The Cotswolds, Part 1

Eight years later, and I still feel with mirror precision the peace and quiet of sitting on an old bench by the shallow stream that barely moved through the center of Bourton-on-the-Water when my dad and I visited. (Side note: He was dropping me off at grad school in Scotland. 8 years ago!) You could see straight to the silty bottom of the foot-deep stream, inviting ankles.


We would've gone nearly anywhere, but how lucky that our friends decided to marry in the heart of this lovely place? After 3 golden days in London, we drove out to the largest town in the Cotswolds, Cheltenham, where the wedding took place a few days later. The wedding was glorious and felt so comfortable to be with so many friends from so long ago, although sadly for us now, we were having way too much fun for photos.


The Cotswolds are an ancient area of England that includes rolling hills, thatched grooves, medieval churches, and exuberant English gardens.


During the middle ages, the Cotswolds thrived on the wool industry, and today it is a preserved collection of villages from the past, an escape just a few hours from London.


We spent our first day there wandering the (warm/hot) English gardens of Hidcote and Kiftsgate. We started at the smaller Kiftsgate where a small maze led from the house


through rows of brilliant colors


down a wooded, steep path,


and finally to the half-moon pool at the foot of the land.


The vista out into the patchy land was lovely.


Hidcote felt more formal and planned, with an actually complex map--the gardens took a few hours to navigate through!


Some of the gardens were organized by color, others by use. I especially loved the kitchen garden with towering curlicues of sweet peas and fluffy fennel fronds.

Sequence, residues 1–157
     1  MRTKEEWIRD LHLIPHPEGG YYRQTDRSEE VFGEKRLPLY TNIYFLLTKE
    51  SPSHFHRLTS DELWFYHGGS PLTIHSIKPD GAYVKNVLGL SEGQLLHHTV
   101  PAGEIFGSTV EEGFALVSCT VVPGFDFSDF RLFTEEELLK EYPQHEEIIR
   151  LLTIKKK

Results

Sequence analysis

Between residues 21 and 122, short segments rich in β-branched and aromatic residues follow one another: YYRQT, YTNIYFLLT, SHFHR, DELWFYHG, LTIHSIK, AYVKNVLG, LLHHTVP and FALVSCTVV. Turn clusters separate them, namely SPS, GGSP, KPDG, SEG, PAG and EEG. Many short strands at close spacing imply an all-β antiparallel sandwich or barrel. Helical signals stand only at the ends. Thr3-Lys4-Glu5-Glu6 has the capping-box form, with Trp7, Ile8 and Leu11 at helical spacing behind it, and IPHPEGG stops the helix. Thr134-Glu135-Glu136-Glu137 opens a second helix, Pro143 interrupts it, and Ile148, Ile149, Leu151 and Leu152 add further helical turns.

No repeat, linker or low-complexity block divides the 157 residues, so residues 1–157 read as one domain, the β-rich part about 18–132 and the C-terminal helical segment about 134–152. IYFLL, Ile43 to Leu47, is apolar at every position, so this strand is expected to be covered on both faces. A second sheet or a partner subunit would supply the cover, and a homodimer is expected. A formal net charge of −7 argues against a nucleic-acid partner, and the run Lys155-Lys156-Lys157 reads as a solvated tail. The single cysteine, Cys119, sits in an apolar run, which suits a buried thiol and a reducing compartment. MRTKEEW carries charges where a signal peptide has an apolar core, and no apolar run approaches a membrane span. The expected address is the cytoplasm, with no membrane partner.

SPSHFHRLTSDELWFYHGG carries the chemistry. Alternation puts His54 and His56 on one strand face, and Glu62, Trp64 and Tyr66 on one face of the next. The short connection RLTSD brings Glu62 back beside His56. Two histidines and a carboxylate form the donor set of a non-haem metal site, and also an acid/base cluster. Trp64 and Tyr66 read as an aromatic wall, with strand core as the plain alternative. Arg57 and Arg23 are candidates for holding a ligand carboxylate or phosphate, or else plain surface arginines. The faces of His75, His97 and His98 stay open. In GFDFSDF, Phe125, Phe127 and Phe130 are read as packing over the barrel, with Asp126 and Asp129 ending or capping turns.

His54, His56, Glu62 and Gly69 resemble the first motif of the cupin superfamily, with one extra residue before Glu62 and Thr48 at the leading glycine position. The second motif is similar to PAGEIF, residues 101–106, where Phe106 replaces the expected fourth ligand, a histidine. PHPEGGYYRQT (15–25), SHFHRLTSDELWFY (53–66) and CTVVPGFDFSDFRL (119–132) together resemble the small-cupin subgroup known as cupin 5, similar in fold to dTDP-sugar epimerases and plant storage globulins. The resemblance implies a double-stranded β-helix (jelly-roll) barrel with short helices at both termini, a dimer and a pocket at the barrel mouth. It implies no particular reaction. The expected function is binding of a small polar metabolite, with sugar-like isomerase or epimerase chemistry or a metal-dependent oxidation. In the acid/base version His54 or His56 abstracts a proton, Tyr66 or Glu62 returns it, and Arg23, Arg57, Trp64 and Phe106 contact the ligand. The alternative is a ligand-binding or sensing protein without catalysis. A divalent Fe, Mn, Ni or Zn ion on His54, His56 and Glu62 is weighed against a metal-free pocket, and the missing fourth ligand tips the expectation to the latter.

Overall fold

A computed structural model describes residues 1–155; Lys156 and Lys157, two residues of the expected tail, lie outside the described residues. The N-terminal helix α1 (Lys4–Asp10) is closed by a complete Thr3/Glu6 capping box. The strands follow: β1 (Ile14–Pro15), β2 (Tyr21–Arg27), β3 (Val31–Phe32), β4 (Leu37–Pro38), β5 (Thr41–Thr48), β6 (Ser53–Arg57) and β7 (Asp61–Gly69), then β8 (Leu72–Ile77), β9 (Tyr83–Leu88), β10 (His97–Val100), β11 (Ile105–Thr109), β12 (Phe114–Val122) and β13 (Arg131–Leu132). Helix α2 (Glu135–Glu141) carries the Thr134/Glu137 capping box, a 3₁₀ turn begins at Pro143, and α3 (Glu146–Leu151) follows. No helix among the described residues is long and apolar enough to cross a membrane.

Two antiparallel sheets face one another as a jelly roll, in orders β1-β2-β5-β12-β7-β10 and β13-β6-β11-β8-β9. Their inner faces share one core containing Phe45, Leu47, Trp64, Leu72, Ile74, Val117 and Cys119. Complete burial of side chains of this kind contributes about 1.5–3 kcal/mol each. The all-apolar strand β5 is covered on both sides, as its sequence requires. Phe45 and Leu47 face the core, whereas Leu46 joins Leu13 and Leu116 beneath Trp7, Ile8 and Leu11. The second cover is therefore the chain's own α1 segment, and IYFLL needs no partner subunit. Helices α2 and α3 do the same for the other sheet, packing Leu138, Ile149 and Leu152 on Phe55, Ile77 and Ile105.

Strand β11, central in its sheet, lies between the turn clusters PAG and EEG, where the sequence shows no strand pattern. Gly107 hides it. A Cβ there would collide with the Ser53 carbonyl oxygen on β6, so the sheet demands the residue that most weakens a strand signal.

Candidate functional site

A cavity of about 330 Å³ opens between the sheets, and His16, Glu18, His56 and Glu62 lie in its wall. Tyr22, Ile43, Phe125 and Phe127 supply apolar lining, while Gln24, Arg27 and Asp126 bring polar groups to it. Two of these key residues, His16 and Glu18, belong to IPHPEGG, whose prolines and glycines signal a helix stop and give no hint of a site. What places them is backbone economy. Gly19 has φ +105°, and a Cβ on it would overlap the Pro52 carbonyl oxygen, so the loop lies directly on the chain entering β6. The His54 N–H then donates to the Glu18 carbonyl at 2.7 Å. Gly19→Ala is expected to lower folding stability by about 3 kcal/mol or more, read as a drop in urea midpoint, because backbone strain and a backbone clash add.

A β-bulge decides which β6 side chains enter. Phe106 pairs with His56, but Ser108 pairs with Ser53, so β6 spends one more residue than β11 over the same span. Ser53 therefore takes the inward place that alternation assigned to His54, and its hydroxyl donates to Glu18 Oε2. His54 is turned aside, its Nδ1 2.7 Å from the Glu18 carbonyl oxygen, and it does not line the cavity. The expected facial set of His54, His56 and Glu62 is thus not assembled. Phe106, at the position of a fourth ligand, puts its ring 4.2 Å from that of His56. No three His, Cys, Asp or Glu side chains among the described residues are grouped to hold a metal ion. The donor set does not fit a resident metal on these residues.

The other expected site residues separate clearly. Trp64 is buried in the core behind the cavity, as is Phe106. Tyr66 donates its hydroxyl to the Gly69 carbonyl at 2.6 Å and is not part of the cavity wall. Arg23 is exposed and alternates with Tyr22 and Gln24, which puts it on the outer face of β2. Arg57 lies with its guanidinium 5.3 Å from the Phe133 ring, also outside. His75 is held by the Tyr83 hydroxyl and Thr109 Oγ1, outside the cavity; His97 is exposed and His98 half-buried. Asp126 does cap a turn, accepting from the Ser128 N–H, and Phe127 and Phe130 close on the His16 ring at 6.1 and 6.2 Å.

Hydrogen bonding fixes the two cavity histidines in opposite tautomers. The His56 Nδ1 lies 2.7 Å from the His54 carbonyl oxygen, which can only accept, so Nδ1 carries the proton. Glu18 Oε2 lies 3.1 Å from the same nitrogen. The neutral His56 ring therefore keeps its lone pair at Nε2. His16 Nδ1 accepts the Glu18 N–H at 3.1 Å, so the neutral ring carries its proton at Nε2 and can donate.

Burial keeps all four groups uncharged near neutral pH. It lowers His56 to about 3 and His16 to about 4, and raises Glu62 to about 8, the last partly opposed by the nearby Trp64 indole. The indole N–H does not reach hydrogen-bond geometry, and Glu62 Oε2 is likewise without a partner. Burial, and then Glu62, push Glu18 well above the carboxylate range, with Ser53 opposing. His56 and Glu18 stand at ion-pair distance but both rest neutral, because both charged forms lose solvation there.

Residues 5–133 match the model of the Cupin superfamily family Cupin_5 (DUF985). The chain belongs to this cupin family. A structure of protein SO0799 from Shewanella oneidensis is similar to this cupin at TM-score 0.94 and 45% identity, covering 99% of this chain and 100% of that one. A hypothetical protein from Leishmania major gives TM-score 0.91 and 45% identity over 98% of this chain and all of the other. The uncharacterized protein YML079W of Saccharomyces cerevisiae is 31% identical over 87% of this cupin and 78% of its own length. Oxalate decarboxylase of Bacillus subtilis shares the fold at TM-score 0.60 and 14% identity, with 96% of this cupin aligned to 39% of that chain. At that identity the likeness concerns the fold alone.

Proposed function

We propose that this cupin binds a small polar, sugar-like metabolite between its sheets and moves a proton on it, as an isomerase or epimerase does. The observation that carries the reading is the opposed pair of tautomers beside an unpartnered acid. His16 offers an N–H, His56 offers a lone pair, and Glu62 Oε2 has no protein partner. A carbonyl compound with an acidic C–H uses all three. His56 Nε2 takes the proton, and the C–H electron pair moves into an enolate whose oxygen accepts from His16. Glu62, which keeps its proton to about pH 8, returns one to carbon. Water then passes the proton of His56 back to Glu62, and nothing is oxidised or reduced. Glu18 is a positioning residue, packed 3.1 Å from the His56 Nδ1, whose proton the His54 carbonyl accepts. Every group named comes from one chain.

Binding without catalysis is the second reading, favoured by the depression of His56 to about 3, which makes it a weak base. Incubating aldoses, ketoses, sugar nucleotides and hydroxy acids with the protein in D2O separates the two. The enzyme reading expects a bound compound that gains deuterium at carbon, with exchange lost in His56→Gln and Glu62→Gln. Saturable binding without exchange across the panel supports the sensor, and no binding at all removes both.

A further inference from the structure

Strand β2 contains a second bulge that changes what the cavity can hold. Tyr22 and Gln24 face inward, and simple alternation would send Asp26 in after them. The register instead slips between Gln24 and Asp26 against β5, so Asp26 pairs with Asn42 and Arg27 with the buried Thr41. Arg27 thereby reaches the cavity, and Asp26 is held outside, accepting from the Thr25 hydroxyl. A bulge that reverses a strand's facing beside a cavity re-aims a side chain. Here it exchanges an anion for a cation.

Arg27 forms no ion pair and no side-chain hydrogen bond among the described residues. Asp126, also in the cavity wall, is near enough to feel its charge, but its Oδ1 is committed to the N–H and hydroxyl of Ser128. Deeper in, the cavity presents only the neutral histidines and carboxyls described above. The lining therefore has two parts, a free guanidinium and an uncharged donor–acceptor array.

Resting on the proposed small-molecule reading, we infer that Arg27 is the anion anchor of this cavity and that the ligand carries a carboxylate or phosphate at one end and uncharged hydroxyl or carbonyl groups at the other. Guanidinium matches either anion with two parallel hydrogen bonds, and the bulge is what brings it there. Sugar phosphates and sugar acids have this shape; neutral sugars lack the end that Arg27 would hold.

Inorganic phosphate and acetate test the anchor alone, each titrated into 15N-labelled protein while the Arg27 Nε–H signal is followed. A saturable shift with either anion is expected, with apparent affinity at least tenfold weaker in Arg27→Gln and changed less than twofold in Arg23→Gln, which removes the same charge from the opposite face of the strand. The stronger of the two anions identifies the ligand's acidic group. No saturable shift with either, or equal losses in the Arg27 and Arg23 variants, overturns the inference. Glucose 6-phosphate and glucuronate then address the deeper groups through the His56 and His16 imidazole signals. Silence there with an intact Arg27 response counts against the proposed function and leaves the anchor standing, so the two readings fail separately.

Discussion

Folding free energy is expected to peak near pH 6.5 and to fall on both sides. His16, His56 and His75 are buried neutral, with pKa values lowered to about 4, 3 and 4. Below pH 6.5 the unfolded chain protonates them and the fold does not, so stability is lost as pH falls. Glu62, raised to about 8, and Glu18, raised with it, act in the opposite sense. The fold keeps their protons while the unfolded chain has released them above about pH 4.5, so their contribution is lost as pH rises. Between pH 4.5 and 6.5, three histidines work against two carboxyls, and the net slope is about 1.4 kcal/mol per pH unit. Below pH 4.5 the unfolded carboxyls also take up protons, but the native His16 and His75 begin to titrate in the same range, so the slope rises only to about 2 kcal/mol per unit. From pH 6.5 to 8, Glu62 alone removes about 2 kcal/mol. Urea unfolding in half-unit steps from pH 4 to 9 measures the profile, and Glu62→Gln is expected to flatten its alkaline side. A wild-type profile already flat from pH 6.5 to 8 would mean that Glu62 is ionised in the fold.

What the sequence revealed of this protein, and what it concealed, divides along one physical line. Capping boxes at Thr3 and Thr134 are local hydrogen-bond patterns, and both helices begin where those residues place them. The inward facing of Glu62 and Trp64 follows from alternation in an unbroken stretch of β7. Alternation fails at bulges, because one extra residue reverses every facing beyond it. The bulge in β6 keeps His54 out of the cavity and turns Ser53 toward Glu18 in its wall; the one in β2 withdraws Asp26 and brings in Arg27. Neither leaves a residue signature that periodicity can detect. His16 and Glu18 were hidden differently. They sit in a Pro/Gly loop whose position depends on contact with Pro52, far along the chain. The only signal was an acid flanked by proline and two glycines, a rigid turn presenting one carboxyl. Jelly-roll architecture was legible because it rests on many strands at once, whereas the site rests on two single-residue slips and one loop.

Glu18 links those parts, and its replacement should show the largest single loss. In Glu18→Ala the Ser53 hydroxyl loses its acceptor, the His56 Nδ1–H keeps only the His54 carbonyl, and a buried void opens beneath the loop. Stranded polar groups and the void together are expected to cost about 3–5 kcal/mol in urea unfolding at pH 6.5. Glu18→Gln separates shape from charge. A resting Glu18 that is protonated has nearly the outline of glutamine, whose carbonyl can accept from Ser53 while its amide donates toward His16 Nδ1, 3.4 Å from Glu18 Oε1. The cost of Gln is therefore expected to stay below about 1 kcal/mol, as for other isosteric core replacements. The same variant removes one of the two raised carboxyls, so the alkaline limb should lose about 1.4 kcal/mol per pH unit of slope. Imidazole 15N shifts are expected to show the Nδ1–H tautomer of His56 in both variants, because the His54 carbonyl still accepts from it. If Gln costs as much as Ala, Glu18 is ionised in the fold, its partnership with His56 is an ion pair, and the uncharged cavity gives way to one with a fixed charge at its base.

This stillness and quaint life that defines the Cotswolds is so peaceful that this New Yorker can hardly absorb it all.


I'll be back with more of the homes and villages we wound through in the next post. Get ready for some serious thatching!

In the meantime, here are some of our trip details:

We were booked at the very beautiful No 131 hotel in Cheltenham, but arrived in the blast of the heat wave. Unfortunately, the hotel was not air conditioned because of its historic status, so they gave us a cooler room in the equally as lovely No 38 The Park. After one night in an 85 degree room, we Americans wimped out and stayed across the street at the air conditioned The Queens Sofitel.


We cannot speak enough good about the service at No 131, and would love to stay there in the winter. The stunning decor would make such a cozy vacation.

Restaurants We Loved
The Ebrington Arms, suggested by my friend Sheena who grew up nearby, was the most authentic and delicious pub we visited. They had their own local beer, named Yubby in honor of the town Ebrington.



Crazy Eights, the restaurant attached to the No 131 hotel, was surprisingly delicious. The service was strangely slow, but it looked like the hip place to be in Cheltenham, and we shared melt-in-your-mouth beef-fat chips and chateaubriand. Funnily enough, I asked for a candle for my in-laws anniversary which showed up at the table next to ours in the cheesecake. The girl at the table couldn't tell them enough times it wasn't her birthday, and we were all laughing and laughing.

Le Champignon Sauvage was another amusing dinner. We hit bad traffic from London and called to say we would be 15 minutes late, which they said wouldn't work because they had other parties coming in. So, we raced in and out of the hotel and arrived 7 minutes after our reservation to find . . . 4 other tables of people. And no one came after us. The food was 2-star Michelin, and I especially enjoyed a blueberry cannoli dessert (the GF wrapper made from dehydrated blueberries and filled with sorrel cream), but we also were in a nearly silent restaurant all night.

And finally, our favorite restaurant from the entire trip goes to The Chef's Dozen in Chipping Camden. We arrived in a rain storm into a cozy room with nooks and fireplaces and the most fun service. With as much produce and meat from local farms as possible, the food blew us away, and the homemade GF bread and raspberry souffle were fresh, full of flavor. We absolutely loved this place!

Part 2 of the Cotswolds coming soon!